Posts Tagged ‘It’s Not Enough

28
Apr
12

New Yawk Exiles Rumble At Johnny Thunder Tribute at the Satellite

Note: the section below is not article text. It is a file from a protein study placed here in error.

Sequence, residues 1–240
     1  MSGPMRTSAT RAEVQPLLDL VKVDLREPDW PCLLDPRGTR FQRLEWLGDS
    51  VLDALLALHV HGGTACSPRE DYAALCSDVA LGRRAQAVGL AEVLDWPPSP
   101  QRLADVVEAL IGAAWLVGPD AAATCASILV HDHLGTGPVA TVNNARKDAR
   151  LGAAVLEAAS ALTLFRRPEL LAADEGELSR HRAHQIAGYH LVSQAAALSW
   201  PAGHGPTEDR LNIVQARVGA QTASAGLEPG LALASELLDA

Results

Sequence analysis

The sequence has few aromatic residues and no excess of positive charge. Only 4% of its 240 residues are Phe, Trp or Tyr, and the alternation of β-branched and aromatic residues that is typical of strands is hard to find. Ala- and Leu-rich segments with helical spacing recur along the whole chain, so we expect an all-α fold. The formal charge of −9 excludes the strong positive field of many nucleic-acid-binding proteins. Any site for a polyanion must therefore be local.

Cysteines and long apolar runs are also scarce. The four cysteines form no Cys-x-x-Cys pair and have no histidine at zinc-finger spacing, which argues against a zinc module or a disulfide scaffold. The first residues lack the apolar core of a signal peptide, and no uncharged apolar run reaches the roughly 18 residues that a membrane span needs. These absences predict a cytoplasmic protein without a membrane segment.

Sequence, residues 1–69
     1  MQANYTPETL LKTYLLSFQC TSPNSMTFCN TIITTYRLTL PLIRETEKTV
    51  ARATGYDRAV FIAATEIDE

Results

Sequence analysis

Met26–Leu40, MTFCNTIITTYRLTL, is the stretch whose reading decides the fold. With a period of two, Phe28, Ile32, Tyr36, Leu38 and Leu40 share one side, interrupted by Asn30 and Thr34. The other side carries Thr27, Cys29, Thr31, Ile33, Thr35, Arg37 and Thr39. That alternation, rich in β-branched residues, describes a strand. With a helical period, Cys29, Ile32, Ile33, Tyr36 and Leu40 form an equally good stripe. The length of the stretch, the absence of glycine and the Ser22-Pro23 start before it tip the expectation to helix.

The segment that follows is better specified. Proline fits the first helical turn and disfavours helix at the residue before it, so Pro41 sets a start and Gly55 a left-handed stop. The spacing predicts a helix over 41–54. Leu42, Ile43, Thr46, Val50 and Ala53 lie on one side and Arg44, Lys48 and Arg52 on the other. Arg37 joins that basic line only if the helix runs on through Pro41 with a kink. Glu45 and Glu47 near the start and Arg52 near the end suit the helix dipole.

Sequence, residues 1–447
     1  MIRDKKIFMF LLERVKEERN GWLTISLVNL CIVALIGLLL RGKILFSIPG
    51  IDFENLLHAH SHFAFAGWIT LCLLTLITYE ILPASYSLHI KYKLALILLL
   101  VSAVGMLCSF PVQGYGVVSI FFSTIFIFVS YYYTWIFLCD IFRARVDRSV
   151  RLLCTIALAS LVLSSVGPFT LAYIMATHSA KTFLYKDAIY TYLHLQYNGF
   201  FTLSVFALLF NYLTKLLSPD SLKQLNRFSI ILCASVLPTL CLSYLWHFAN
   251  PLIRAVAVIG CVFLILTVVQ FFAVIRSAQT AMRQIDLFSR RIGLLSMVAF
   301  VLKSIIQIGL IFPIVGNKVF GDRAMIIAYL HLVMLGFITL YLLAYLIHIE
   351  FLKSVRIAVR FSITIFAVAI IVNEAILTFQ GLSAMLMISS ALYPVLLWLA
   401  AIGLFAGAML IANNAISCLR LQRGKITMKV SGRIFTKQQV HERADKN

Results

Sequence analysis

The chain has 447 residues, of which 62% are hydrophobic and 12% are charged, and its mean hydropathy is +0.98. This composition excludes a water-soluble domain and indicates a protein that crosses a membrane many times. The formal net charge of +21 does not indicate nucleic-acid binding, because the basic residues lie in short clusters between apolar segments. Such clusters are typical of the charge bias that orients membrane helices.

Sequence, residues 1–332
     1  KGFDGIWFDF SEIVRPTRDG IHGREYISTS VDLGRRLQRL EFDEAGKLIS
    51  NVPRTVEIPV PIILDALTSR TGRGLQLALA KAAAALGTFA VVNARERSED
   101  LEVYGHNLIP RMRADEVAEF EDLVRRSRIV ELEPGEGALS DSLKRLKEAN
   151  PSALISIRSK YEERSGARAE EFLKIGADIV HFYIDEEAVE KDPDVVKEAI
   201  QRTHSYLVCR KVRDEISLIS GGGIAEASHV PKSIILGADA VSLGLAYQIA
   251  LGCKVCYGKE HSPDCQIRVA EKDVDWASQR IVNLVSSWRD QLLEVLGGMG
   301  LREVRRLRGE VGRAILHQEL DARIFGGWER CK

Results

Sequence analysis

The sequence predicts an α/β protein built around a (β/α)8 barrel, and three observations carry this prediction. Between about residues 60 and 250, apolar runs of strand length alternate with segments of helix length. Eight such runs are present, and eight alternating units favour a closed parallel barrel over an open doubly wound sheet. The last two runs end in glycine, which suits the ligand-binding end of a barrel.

My first encounter with anything remotely associated with the New York Dolls was in the 80′s while I worked background for Janet Cunningham. It was then I met Arthur Kane on the feature of Modern Girls. But Arthor was reserved and distant at the time. I got to know his wife a little better while we were on set. Of course, all us Punk Rock extras were excited he was on set. We were all a buzz because of his presence. The next time I ran into Arthur was at the Troubadour for a gig Dawn Laureen had with her band The Eye Shadows. By that time I had known Frank Infante for a while and the 2 of them were hanging out in the front bar area of the Troubadour. I hadn’t seen Arthur for over a decade so I vaguely recognized him but I thought he was another member of Blondie. Frank politely corrected me and informed me he was Killer Kane of The New York Dolls. Of course, I was impressed! I love the Dolls. We spent some time at the bar, both sober, but that didn’t dampen the good times. Frank was hilarous and Arthor soft spoken and shy. There’s something that is always refreshing, especially in Hollywood, about a New Yorker’s state of mind and point of view. I guess the bad news for everyone involved was that Arthur died within the year of leukemia. It was pretty tragic for a number of reasons. Arthor was the subject of Documentary in med production. He had gotten his life on track. He had been sober for many years where he was getting to a point of sane balance. He’d gone in to diagnose a persistent cold one day and by the next morning had passed away. It’s chilling that someone could go so fast. I informed my friend who was the entertainment editor of the LA Times at that time because I felt it was important news for him to know. So stunning was the news that the editor’s disbelief immediately greeted me with a very suspicious email challenging that information. This dialog endure for 10 more confirmation emails before I handed him over to the source. It was just getting too messy. By the time it was confirmed by the source it had hit the wire. So confirmation was no longer necessary. I guess The LA Times missed a scoop. It was a shock to us all, but it had to be magnified exponentially for those close to him. To get the full story on Arthor Kane you may want to check out the documentary New York Doll.